in the fashion of the time when it was built.
It is very sunny, the sun rising so as to shine (at
an acute angle to be sure) through the northern windows,
and going round the other three sides in the course
of the day. There is a pretty staircase with the
quaint old twisted banisters,—which they
call balusters now; but mine are banisters. My
library occupies two rooms opening into each other
by arches at the sides of the ample chimneys.
The trees I look out on are the earliest things I
remember. There you have me in my new-old quarters.
But you must not fancy a large house—rooms
sixteen feet square, and on the ground floor, nine
high. It was large, as things went here, when
it was built, and has a certain air of amplitude about
it as from some inward sense of dignity.”
In an earlier letter he wrote: “Here I am
in my garret. I slept here when I was a little
curly-headed boy, and used to see visions between
me and the ceiling, and dream the so often recurring
dream of having the earth put into my hand like an
orange. In it I used to be shut up without a
lamp,—my mother saying that none of her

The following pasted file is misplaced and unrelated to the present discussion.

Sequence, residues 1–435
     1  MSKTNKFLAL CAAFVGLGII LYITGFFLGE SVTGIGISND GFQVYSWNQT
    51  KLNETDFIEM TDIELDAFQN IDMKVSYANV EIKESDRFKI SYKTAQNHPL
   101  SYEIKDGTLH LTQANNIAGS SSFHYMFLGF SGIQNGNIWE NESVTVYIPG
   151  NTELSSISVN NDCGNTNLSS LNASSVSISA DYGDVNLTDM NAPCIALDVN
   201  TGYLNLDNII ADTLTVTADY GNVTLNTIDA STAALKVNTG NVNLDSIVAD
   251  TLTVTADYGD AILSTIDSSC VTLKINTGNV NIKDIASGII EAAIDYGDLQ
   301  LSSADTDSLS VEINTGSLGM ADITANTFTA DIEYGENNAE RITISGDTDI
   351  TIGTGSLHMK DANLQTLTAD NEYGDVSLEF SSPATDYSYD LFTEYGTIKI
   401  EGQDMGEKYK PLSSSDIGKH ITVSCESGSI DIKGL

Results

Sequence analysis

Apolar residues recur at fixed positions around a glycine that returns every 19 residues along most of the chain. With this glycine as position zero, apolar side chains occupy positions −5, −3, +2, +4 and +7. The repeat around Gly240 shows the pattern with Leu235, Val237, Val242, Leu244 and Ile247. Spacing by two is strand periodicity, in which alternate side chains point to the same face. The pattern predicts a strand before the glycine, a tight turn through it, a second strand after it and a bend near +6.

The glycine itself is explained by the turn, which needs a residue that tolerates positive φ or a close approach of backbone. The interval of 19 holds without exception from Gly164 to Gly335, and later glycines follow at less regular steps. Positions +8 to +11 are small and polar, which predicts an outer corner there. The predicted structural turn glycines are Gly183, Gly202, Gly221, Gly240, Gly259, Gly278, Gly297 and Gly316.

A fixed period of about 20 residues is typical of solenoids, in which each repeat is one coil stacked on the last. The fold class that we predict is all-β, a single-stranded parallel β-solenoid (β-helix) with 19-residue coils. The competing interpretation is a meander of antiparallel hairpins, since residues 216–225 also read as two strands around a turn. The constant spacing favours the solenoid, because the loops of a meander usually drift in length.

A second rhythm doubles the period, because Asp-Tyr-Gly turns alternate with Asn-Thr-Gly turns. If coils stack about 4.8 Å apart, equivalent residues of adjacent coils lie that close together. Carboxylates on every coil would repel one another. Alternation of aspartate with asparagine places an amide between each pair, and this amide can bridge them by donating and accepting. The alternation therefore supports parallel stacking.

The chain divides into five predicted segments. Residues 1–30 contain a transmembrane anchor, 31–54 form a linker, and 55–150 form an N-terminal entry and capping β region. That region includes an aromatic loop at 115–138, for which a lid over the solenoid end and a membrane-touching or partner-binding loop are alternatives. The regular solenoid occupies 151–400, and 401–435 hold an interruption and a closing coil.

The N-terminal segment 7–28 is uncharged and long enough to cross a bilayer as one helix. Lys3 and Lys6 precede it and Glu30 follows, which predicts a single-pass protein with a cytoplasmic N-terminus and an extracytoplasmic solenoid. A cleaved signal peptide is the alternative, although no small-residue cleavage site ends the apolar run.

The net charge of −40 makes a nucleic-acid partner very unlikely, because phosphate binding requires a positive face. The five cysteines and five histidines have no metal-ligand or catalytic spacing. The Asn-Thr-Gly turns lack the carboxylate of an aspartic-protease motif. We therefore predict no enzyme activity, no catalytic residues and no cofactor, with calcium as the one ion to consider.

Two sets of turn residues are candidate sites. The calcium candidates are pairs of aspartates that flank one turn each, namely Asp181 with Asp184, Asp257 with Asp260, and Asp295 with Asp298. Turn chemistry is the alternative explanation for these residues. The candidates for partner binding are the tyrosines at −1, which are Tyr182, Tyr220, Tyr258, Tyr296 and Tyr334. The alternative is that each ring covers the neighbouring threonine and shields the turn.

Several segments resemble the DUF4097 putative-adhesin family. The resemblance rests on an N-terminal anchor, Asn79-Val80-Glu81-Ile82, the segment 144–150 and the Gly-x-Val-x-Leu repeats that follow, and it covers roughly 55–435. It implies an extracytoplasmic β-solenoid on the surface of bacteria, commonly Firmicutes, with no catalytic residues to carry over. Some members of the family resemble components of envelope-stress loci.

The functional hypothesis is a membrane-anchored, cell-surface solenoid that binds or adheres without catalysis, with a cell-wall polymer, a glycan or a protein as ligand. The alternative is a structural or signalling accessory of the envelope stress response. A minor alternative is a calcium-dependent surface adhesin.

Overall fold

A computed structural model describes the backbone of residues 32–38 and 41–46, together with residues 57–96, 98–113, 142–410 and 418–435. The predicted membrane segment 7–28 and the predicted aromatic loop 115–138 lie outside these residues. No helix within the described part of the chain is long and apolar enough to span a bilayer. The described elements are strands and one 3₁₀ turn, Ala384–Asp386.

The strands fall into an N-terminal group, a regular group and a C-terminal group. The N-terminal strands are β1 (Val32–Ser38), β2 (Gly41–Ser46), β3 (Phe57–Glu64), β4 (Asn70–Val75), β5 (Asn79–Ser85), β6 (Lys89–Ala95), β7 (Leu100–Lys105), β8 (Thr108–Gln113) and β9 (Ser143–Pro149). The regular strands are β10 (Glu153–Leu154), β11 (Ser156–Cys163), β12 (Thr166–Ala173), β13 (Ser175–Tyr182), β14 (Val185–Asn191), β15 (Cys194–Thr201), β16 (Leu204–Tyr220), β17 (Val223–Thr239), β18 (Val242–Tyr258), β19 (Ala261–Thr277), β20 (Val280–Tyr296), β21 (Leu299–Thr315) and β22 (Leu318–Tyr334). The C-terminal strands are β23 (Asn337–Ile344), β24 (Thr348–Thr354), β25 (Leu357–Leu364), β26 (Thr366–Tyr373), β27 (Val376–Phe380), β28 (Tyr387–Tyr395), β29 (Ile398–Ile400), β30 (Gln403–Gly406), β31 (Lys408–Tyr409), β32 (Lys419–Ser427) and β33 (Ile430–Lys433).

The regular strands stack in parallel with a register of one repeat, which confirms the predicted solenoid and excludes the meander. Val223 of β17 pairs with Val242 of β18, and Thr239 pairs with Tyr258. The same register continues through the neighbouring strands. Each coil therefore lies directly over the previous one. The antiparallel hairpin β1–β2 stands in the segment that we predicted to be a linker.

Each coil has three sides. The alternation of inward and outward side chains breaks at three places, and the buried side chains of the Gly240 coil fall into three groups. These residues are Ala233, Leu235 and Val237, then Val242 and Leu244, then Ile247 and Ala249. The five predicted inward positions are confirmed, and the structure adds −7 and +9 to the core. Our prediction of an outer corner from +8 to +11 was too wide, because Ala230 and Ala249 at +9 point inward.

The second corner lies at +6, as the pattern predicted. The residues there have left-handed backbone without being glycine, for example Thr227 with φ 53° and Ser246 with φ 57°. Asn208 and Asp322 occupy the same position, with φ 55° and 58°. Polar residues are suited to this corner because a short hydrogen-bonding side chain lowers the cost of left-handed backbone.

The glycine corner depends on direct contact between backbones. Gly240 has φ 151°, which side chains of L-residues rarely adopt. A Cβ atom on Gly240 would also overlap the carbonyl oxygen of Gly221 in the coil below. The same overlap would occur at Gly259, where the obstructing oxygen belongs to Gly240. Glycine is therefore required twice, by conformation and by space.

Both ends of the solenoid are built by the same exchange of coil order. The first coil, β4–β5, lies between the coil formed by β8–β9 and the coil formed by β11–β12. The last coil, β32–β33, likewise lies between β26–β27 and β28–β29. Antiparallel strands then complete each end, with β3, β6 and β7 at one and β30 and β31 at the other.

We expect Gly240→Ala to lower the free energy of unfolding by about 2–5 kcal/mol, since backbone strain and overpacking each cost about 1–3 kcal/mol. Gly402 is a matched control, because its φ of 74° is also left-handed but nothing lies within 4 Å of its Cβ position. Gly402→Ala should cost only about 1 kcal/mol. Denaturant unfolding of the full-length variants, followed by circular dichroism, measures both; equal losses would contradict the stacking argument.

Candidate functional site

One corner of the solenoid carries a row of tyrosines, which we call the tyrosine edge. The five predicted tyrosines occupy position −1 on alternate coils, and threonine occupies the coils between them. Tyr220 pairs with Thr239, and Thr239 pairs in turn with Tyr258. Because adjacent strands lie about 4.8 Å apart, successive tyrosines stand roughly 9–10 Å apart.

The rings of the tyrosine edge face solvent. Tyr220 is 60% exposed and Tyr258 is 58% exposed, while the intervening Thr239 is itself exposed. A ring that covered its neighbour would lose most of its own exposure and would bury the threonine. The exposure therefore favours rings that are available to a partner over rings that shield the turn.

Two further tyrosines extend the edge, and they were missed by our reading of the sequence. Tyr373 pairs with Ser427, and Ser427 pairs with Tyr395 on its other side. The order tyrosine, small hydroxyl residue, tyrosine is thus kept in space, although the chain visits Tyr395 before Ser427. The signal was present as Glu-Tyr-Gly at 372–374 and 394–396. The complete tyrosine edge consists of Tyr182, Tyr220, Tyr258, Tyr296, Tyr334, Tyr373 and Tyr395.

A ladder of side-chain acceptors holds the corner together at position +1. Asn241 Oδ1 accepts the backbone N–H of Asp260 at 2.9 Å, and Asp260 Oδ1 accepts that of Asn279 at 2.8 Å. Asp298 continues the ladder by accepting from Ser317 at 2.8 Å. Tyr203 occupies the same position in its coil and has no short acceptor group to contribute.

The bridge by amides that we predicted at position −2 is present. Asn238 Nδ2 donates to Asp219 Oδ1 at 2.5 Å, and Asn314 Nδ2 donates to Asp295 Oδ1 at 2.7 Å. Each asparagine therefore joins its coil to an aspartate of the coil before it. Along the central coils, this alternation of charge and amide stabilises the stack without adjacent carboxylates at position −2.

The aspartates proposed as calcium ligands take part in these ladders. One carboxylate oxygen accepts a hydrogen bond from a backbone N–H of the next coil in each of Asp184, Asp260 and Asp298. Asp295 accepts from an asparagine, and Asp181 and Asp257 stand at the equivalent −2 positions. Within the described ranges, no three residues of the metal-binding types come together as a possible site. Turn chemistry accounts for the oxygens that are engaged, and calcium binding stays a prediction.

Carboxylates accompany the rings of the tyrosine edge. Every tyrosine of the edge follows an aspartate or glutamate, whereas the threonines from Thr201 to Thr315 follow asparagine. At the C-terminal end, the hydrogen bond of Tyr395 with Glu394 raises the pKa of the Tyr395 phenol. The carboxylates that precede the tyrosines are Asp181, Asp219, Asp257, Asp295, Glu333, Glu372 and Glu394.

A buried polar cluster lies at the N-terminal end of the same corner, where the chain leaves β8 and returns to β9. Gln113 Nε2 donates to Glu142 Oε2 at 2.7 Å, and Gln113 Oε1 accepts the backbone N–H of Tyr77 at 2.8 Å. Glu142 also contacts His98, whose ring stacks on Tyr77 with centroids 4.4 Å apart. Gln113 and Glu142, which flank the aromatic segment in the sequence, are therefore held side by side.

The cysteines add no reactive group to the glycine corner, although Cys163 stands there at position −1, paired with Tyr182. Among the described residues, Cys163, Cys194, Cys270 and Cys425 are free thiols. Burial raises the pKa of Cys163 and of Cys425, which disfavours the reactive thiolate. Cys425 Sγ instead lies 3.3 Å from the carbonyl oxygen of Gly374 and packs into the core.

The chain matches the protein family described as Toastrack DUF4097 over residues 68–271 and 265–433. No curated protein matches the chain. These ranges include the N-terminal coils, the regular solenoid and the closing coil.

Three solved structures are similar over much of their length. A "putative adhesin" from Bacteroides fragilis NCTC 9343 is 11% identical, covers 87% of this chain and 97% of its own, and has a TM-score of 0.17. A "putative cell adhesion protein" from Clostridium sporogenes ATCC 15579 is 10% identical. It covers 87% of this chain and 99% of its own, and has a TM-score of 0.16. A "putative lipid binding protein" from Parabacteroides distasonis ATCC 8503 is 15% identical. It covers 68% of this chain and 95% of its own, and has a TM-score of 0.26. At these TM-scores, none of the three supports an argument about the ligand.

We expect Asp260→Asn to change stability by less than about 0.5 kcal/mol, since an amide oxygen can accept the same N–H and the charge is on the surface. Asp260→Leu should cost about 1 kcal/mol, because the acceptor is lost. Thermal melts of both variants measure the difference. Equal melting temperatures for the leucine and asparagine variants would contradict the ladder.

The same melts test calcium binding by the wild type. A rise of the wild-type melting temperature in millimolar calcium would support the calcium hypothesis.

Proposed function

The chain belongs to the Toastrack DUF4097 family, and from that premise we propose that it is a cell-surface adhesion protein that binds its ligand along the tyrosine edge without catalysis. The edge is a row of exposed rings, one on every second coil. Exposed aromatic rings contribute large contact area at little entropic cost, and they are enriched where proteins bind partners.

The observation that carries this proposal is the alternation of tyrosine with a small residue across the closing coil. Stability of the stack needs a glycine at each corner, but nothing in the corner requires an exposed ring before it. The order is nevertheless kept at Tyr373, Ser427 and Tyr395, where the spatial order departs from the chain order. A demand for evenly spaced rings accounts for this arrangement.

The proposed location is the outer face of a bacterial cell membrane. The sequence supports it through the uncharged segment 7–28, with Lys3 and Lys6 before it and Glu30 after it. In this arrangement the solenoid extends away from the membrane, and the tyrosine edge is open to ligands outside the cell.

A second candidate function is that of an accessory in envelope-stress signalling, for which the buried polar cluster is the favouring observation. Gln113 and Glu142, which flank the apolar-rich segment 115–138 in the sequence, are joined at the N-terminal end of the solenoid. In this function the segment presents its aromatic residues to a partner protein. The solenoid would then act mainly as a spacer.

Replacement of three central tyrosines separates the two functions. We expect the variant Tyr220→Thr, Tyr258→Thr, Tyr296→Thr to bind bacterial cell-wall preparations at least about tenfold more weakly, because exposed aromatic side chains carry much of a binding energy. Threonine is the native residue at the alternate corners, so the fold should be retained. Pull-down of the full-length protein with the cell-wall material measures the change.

children should be afraid of the dark,—to
hide my head under the pillow, and then not be able
to shut out the shapeless monsters that thronged around
me, minted in my brain.... In winter my view is
a wide one, taking in a part of Boston. I can
see one long curve of the Charles and the wide fields
between me and Cambridge, and the flat marshes beyond
the river, smooth and silent with glittering snow.
As the spring advances and one after another of our
trees puts forth, the landscape is cut off from me
piece by piece, till, by the end of May, I am closeted
in a cool and rustling privacy of leaves.”
In two of his papers especially, My Garden Acquaintance
and A Good Word for Winter
, has Lowell given
glimpses of the out-door life in the midst of which
he grew up.
His acquaintance with books and his schooling began
early. He learned his letters at a dame school.
Mr. William Wells, an Englishman, opened a classical
school in one of the spacious Tory Row houses near
Elmwood, and, bringing with him English public school
thoroughness and severity, gave the boy a drilling
in Latin, which he must have made almost a native
speech to judge by the ease with which he handled it
afterward in mock heroics. Of course he went to
Harvard College. He lived at his father’s
house, more than a mile away from the college yard;
but this could have been no great privation to him,
for he had the freedom of his friends’ rooms,
and he loved the open air. The Rev. Edward Everett
Hale has given a sketch of their common life in college.
“He was a little older than I,” he says,
“and was one class in advance of me. My
older brother, with whom I lived in college, and he
were most intimate friends. He had no room within
the college walls, and was a great deal with us.